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Black Sea is the fourth studio album by the English band XTC, released 12 September 1980 on Virgin Records. The album received positive reviews and spawned three UK top 40 singles: "Generals and Majors", "Towers of London", and "Sgt. Rock (Is Going to Help Me)". The album itself remains XTC's second-highest charting British album, placing at number 16,[2] and the most successful US album of their career, peaking at number 41 on the Billboard 200.[3]

Black Sea
XTC - Black Sea album cover.jpg
Studio album by
Released12 September 1980
RecordedJune – July 1980
StudioTownhouse Studios, London
GenrePost-punk[1]
Length48:56
LabelVirgin
ProducerSteve Lillywhite
XTC chronology
Drums and Wires
(1979)
Black Sea
(1980)
English Settlement
(1982)
Singles from Black Sea
  1. "Generals and Majors"
    Released: 9 August 1980
  2. "Towers of London"
    Released: 10 October 1980
  3. "Sgt. Rock (Is Going to Help Me)"
    Released: 5 December 1980
  4. "Respectable Street"
    Released: March 1981
Alternative cover
US outer cover
US outer cover

Contents

ReleaseEdit

Black Sea spent 7 weeks on the UK album charts, reaching No. 16.[2] In the US, the album spent 24 weeks on the Billboard 200 album charts and reached its peak position of No. 41 in February 1981.[4] A fourth single, "Love at First Sight", was released exclusively to Canada. And a fifth single, "Respectable Street", was banned from BBC radio due to its references to abortion and a "Sony Entertainment Centre".[5]

Critical receptionEdit

Professional ratings
Review scores
SourceRating
AllMusic     [6]
Chicago Tribune    [7]
Christgau's Record GuideB+[8]
Encyclopedia of Popular Music     [9]
Pitchfork9.2/10[10]
Q     [11]
Record Collector     [12]
Rolling Stone     [13]
The Rolling Stone Album Guide     [14]
Smash Hits9/10[15]

The album received positive reviews from critics.[16] In an AllMusic review, Chris Woodstra called it XTC's most consistent album yet, both in terms of its full arrangements and unsubtle political commentary.[6] Writing for Rolling Stone, Don Shewey also found the album to be consistent over all—with the exception of "Travels in Nihilon", which he says "strays from the intersection of punk and pop where XTC are most at home".[13] Similarly, David Sinclair, in an overview of XTC's early albums for Q, determined that the arrangements of Black Sea, while complex, were much cleaner than earlier arrangements, such as those found on their debut, White Music.[11] Robert Christgau was impressed by the album's pacing and eclecticism, despite delving into excessively "embellishing herkyjerk whozis" and over-intellect.[8]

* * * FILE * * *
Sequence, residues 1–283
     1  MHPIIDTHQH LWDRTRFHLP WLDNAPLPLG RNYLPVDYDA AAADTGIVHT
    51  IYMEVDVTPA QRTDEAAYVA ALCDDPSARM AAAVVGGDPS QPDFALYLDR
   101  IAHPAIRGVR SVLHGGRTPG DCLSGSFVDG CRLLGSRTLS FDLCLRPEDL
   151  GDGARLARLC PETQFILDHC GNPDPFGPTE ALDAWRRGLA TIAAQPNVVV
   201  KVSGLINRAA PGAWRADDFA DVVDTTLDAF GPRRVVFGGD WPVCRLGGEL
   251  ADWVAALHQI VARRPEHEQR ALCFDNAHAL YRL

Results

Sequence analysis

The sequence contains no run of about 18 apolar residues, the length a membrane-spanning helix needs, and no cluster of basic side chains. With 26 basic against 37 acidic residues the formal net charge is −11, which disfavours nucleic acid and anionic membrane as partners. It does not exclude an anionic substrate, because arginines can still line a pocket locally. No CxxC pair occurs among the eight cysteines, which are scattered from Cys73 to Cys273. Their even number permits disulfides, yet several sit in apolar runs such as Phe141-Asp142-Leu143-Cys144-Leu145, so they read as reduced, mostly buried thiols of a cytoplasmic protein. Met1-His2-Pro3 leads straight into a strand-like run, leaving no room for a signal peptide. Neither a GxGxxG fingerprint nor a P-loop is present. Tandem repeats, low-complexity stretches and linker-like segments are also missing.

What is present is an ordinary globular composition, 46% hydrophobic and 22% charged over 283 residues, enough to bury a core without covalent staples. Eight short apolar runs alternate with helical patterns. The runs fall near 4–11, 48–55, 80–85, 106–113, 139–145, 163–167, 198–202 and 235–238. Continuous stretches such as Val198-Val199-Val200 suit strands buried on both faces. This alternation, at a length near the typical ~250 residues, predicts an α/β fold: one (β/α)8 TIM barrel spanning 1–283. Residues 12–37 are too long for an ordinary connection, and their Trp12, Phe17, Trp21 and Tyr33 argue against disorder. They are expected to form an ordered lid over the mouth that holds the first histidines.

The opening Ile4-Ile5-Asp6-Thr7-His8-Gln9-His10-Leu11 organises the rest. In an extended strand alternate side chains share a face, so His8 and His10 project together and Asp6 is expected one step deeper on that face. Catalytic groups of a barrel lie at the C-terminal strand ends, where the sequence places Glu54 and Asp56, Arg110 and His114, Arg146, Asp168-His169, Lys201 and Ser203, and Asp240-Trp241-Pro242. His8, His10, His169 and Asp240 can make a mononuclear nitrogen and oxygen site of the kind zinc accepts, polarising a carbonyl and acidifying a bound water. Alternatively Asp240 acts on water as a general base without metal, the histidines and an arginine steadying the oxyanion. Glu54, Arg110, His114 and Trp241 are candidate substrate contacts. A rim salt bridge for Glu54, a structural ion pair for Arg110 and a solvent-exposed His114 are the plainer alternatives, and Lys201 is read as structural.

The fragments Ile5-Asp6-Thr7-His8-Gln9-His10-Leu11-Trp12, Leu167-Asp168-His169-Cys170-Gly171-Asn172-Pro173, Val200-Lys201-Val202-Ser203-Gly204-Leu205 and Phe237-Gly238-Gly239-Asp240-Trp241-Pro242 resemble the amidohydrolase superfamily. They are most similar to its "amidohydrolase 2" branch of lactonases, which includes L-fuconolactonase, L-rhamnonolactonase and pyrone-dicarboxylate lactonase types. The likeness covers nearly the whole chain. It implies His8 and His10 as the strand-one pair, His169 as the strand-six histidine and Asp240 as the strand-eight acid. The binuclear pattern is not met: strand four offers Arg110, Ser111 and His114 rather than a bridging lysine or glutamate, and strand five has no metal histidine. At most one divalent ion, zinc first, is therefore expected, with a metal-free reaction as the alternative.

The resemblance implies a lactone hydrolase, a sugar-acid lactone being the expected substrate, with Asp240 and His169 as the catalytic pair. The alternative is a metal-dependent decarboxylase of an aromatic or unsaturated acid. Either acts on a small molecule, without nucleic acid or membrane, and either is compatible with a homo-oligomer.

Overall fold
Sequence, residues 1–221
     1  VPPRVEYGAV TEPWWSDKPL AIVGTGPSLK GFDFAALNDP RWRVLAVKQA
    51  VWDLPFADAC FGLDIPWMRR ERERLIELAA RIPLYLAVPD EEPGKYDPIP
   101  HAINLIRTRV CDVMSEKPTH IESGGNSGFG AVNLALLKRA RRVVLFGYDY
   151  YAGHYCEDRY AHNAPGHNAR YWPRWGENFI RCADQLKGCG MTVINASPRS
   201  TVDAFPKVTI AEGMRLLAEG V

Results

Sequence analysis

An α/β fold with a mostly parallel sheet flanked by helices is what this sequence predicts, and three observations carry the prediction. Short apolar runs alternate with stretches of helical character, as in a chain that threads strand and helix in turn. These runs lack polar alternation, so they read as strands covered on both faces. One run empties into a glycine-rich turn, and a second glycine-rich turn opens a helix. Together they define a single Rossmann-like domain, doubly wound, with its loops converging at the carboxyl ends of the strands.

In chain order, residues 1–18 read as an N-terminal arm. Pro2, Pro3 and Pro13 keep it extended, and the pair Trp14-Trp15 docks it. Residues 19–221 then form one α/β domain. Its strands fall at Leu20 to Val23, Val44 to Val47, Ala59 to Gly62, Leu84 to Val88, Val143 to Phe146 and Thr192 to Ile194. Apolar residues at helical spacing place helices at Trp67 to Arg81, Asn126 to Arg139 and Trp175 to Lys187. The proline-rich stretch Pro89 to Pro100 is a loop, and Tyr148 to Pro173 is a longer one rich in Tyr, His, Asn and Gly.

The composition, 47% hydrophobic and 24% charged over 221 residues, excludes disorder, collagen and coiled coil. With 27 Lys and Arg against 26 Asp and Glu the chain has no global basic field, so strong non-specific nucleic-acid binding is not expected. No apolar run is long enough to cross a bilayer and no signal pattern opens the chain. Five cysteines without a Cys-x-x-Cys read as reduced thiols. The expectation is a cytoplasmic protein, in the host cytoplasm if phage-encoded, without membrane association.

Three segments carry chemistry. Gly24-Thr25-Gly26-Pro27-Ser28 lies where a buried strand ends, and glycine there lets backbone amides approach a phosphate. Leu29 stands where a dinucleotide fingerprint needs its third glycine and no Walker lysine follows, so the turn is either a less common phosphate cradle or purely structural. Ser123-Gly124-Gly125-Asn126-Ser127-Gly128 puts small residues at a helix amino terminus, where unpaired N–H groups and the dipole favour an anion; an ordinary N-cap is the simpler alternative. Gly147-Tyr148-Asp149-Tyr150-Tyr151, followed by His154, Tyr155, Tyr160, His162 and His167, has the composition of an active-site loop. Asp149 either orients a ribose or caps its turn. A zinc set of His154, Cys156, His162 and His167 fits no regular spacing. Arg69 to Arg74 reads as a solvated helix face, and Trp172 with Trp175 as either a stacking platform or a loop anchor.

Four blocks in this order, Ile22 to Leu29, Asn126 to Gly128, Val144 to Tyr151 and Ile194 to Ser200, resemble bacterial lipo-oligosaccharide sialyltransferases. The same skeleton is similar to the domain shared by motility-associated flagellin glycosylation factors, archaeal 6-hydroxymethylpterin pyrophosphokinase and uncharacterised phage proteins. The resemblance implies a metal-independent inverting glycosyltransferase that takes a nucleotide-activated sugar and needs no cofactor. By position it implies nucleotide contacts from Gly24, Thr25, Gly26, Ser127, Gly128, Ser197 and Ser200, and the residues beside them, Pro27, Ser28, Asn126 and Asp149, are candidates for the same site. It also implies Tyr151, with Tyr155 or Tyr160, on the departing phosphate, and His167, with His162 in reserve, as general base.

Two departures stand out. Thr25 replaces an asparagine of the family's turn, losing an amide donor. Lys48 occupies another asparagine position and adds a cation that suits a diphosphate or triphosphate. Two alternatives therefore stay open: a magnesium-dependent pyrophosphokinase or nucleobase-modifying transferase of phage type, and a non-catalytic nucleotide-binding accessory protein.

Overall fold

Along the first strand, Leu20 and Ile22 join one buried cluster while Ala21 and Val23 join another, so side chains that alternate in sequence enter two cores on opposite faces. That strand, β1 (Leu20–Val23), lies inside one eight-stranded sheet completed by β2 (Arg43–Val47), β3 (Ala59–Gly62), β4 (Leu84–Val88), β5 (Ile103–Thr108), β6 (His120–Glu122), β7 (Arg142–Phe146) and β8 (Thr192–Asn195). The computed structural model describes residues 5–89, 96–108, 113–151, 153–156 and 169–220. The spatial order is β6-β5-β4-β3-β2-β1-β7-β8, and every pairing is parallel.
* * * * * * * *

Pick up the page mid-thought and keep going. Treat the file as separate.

In a Pitchfork review revisiting Black Sea, along with Go 2 and English Settlement following their remastered CD release in 2002, Chris Dahlen discusses the strengths of Black Sea. In particular, Dalen emphasizes "Sgt. Rock", "Rocket From a Bottle", and "Travels in Nihilon". Dalen also appreciated the placement of the bonus tracks on the CD, following the original track listing of the album.[10] Previous reissues placed the tracks in the middle of the album, interrupting the "flow".[6][10]

Track listingEdit

All songs written and composed by Andy Partridge, except where noted.

Side one
No.TitleWriter(s)Length
1."Respectable Street" 3:38
2."Generals and Majors"Colin Moulding4:05
3."Living Through Another Cuba" 4:44
4."Love at First Sight"Moulding3:08
5."Rocket from a Bottle" 3:30
6."No Language in Our Lungs" 4:53
Side two
No.TitleLength
1."Towers of London"5:24
2."Paper and Iron (Notes and Coins)"4:17
3."Burning with Optimism's Flames"4:16
4."Sgt. Rock (Is Going to Help Me)"3:57
5."Travels in Nihilon"7:04

PersonnelEdit

XTC
Technical

ChartsEdit

Album

Year Chart Position Citation
1980 UK Official Charts 16 [2]
1981 US Billboard 200 41 [4]

ReferencesEdit

  1. ^ Schabe, Patrick (27 October 2006). "The Man Who Sailed Around His Soul". PopMatters. 1980's Black Sea sold well on the album charts on the strength of its solid post-punk tracks, including "Respectable Street", "Towers of London", and "Generals and Majors".
  2. ^ a b c "XTC". Official Charts. Retrieved 25 September 2017.
  3. ^ Erlewine, Stephen Thomas. "XTC". AllMusic. Retrieved 27 December 2017.
  4. ^ a b "Billboard 200: XTC". Billboard. 2017. Retrieved 27 February 2017.
  5. ^ Bernhardt, Todd (26 February 2007). "Andy discusses 'Respectable Street'". Chalkhills.
  6. ^ a b c Woodstra, Chris. "Black Sea – XTC". AllMusic. Retrieved 19 June 2011.
  7. ^ Kot, Greg (3 May 1992). "The XTC Legacy: An Appraisal". Chicago Tribune. Retrieved 22 June 2016.
  8. ^ a b Christgau, Robert (1990). "XTC: Black Sea". Christgau's Record Guide: The '80s. Pantheon Books. ISBN 0-679-73015-X. Retrieved 19 June 2011.
  9. ^ Larkin, Colin (2011). The Encyclopedia of Popular Music (5th concise ed.). Omnibus Press. ISBN 0-85712-595-8.
  10. ^ a b c Dahlen, Chris (9 July 2002). "XTC: Go 2 / Black Sea / English Settlement". Pitchfork. Archived from the original on 4 June 2003. Retrieved 19 June 2011.
  11. ^ a b "XTC: Black Sea". Q (178): 139. July 2001.
  12. ^ Rathbone, Oregano (December 2017). "XTC – Black Sea". Record Collector (474). Retrieved 7 January 2019.
  13. ^ a b Shewey, Don (5 February 1981). "XTC: Black Sea". Rolling Stone. Archived from the original on 12 April 2009. Retrieved 19 June 2011.
  14. ^ Frere-Jones, Sasha (2004). "XTC". In Brackett, Nathan; Hoard, Christian (eds.). The New Rolling Stone Album Guide (4th ed.). Simon & Schuster. pp. 890–92. ISBN 0-7432-0169-8.
  15. ^ Cranna, Ian (18 September – 1 October 1980). "XTC: Black Sea". Smash Hits: 35.
  16. ^ Ingham, Chris (March 1999). "XTC - 'Til Death Do Us Part". Mojo.